If you have any extra, crush an ounce, put it in a coffee cup and add 150° water to it. Stir it up, let it steep for 30 minutes or so and give it a taste. See what you think. You could add the grain to a hop bag if you want to pull the grain after the steep, but it doesn't really matter.
     
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  11. Blackmuse

    Blackmuse Well-Known Member

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    For what it is worth, I find SIMPSONS Brown malt to have a coffee taste. Smooth. I used quite a bit in a porter and everyone thought I put coffee in it. I like the Simpsons a good bit. I have been hoping to do a blonde ale with 5-10% Simpson's Brown just to get a better idea of the taste without any other specialty malts.

    There are many BRANDS of brown malt and they all taste slightly different - I saw a great podcast on it from Genuis (spelling?) Brewing.
     
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  12. Nosybear

    Nosybear Well-Known Member

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    1. Brown malt does NOT replace caramel malts! You'll lose the caramel sweetness and gain a roastiness, I liken it to chocolate but it's not exactly that.
    2. Depends on the result you want in the brown ale. If memory serves, it's a sweeter, caramel-flavored beer. Brown malt is roasty - think chocolate, coffee, burnt toast.
    3. Brown malt seems to be an intermediate between black malts and base malts. I use it in porters, stouts, etc. Closest replacement I can think of would be light chocolate.
    4. You'd get a respectable Porter.

    Cheers!
     
  13. J A

    J A Well-Known Member

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    I personally like Brown Malt over C-60 for reasons of flavor in most recipes. Dark Belgians would be the exception but if I want an American Amber or Brown Ale or any English beer with color, I'd rather not have the burnt-raisin sweetness of C-60. To balance caramel sweetness and ever-so-slight roast, I like some C-40 and Brown malt together and maybe a little chocolate malt thrown into the mix. That C-60 flavor is perfect for dark Belgians, American Pre-pro Porter or, if you're so inclined, a Pumpkin Ale with a little color to it.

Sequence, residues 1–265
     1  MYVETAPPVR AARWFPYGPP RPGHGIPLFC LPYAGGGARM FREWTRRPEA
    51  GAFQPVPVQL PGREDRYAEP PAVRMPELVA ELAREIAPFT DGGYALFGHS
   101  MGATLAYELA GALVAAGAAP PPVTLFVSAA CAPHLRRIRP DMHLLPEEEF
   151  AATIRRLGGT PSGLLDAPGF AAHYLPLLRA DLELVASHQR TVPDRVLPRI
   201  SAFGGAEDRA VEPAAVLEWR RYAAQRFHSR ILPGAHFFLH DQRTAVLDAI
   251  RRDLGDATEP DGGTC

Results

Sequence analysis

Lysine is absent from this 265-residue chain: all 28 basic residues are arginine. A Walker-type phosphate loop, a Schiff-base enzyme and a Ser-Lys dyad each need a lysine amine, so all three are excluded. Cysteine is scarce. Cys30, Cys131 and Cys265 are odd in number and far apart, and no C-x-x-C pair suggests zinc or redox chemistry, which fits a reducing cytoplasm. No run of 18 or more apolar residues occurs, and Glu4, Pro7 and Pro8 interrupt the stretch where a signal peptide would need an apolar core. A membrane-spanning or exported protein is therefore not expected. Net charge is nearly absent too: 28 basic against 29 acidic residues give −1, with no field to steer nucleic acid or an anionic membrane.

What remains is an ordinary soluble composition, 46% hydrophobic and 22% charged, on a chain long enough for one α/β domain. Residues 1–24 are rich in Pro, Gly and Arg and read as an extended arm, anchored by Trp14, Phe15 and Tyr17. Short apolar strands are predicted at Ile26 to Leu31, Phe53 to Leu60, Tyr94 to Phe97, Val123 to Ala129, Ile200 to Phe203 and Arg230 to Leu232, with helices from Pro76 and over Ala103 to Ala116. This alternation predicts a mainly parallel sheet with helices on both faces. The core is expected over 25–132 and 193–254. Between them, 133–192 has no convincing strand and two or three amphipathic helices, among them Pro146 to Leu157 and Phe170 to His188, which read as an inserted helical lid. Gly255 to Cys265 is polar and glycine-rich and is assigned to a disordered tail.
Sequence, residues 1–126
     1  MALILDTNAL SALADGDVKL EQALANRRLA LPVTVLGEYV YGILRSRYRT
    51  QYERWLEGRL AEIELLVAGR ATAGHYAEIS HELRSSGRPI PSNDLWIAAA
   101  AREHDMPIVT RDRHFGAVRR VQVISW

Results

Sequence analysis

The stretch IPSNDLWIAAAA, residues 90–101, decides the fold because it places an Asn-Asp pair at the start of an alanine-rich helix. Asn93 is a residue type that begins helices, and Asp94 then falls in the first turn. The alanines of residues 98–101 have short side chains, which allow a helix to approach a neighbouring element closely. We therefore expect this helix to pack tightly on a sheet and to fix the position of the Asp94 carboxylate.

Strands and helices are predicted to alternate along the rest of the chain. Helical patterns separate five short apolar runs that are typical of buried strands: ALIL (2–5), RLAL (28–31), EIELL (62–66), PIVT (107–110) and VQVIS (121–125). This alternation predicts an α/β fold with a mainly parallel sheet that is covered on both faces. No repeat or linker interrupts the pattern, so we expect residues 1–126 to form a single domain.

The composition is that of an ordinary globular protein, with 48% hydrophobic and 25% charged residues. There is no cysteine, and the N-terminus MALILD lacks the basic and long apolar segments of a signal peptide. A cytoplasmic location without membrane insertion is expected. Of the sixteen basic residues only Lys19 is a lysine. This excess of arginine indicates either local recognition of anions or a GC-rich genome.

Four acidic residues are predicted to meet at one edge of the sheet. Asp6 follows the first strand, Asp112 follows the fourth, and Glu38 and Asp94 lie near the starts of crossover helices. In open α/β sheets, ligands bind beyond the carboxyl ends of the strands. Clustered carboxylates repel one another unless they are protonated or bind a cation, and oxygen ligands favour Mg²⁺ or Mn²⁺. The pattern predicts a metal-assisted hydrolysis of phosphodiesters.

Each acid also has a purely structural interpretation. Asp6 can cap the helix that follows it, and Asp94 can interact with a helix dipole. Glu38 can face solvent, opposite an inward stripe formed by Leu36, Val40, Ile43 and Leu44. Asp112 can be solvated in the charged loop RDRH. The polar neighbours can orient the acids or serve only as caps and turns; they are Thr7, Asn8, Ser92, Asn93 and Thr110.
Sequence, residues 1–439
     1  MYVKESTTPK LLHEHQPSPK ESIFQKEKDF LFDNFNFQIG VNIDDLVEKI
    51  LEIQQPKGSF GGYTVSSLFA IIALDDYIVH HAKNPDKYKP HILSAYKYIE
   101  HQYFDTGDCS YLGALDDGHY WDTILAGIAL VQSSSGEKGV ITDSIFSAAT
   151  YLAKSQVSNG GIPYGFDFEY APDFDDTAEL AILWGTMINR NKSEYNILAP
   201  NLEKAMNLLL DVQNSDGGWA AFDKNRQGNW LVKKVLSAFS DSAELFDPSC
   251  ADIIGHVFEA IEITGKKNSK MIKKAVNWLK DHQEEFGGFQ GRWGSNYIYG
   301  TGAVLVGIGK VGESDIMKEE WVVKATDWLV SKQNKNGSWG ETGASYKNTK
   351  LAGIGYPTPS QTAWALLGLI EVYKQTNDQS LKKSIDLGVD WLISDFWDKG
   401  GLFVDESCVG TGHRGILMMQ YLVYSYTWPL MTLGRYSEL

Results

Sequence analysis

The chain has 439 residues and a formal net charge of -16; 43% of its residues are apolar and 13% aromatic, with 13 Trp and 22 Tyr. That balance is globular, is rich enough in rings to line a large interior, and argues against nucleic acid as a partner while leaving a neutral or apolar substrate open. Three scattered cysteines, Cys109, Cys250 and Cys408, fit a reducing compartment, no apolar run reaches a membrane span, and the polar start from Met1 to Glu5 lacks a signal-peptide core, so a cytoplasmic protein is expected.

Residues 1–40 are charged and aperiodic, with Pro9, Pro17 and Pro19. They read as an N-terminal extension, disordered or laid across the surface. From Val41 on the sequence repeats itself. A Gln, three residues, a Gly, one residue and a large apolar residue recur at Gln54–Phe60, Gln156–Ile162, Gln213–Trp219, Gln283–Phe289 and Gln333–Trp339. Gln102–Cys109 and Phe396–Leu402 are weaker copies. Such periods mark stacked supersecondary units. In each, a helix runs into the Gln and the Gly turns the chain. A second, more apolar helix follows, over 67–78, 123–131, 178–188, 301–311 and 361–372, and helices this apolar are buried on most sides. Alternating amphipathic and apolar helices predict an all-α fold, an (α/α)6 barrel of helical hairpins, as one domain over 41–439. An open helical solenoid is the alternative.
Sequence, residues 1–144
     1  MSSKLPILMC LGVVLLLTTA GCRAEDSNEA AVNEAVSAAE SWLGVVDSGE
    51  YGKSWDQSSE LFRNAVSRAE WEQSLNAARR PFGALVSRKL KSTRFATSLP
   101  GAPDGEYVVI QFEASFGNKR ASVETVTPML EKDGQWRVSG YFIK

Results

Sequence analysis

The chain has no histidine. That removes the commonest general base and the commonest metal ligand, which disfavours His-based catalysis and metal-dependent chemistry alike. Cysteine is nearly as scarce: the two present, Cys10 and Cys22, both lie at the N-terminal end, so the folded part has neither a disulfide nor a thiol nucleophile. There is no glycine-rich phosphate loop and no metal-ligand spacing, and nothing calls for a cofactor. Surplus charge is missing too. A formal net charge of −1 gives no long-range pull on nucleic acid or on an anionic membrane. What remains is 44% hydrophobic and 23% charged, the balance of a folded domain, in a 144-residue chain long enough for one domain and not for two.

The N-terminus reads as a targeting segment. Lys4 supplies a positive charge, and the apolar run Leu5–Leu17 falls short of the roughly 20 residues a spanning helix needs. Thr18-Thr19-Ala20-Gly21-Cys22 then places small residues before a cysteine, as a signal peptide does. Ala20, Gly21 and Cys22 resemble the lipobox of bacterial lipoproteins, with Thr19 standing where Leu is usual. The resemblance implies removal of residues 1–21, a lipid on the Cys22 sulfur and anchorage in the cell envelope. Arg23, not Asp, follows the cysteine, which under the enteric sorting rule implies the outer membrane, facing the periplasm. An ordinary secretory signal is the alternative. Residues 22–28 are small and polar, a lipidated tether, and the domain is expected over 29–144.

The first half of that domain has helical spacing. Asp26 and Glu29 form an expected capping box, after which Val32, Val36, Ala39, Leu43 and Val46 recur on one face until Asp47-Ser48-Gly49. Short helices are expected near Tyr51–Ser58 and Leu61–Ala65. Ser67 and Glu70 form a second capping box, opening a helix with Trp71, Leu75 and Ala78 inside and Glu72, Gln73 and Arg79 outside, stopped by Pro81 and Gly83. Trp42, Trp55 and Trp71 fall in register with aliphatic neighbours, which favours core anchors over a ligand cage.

14. Nosybear

    Nosybear Well-Known Member

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    Agreed - I prefer brown malt over Crystal. I do like C60 in some of my brews - the chili beer, the Kentucky Common but brown malt definitely wins out in most applications.

    It seems that early in homebrewing, almost every beer had some Crystal in it and C60 came up most often. I think we've outgrown that to the point that, except for foam-enhancing malts, I seldom use Crystal/Caramel, exceptions as noted in JA's post, along with some British styles.
     
  15. Josh Hughes

    Josh Hughes Well-Known Member

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    I’ll try that
     
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  16. Josh Hughes

    Josh Hughes Well-Known Member

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    Thanks guys, gives me a lot to think about.
     
  17. Trialben

    Trialben Well-Known Member

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    ^^ hard core spammer ^^
     
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  18. Josh Hughes

    Josh Hughes Well-Known Member

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  19. Trialben

    Trialben Well-Known Member

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    Oh you maid the Movie Film buff disappear Josh:p
     
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  20. Josh Hughes

    Josh Hughes Well-Known Member

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    That was more successful than trying to explain the political motivations of the English Reformation today to a handful of virtual students lol